endowed with the norm Z t 2 |γ˙ 1 (s) − aγ2 (s)|2 + |γ˙ 2 (s) + aγ1 (s)|2 ds. kγk := 0

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It is not difficult to show that (Yt , k k) is an Hilbert space. The action functional S : Yt → R is given by 1 1 S(γ) = kγk2 − a2 hγ, Lγi + V (γ), 2 2 where L : Yt → Yt is the linear self-adjoint operator defined by Z t hγ, Lγi = |γ(s)|2 ds,

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(3.71)

0

and V : Yt → R is given by

V (γ) =

Z

t

V0 (γ(s))ds. 0

By reasoning as in the proof of lemma 3.2, it is possible to prove that L is a trace class operator, its spectrum has the form t 2 , j = 1, 2, . . . }, σ(L) = {0, λj = πj where each λj is of multiplicity 2, and consequently sin(at) 2 det(I − a2 L) = . at Let βt,x,y be a solution of the following boundary value problem: ¨ + 2aC β(s) ˙ −β(s) = 0, 0<s 0 and > 0, then, as a function of (t, x, y), the fundamental solution G(t, 0, x, y) of the time dependent Schr¨ odinger equation is nowhere 1 C . In other words, we do not have even the hope to define in terms of a functional integral an expression of the form Z i G(0, x; t, y) = e ~ St (γ) Dγ, ,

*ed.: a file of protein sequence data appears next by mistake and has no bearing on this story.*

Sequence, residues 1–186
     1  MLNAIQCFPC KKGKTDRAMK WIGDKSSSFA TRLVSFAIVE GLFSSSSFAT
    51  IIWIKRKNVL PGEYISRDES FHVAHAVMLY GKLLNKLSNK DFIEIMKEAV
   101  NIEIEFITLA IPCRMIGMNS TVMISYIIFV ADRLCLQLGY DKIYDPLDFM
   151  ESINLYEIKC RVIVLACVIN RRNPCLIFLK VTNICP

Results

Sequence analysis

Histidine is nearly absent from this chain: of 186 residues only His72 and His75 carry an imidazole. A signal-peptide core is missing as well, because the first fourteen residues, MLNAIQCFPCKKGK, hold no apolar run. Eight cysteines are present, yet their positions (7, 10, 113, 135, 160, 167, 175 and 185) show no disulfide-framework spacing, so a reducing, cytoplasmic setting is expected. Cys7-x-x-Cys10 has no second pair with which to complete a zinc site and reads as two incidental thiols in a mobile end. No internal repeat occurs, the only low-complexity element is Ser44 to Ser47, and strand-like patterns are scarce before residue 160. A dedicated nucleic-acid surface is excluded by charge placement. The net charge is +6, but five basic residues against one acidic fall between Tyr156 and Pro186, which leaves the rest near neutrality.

depending from the variables (t, x, y), that can be differentiated in order to prove that it is a fundamental solution for the Schr¨ odinger equation. Even if the problem is not only technical, but rather fundamental, some interesting results can be obtained in the case where the potential V has a quartic polynomial growth at infinity, by means of the results of section 2.5. Let us consider the Schr¨ odinger equation in L2 (Rd ) ( 2 ∂ i~ ∂t ψ(t, x) = − ~2 ∆ψ(t, x) + V (x)ψ(t, x) (3.73) ψ(0, x) = ψ0 (x) where the potential V is of the following form: 1 x ∈ Rd , V (x) = xΩ2 x + λ|x|4 , 2

(3.74)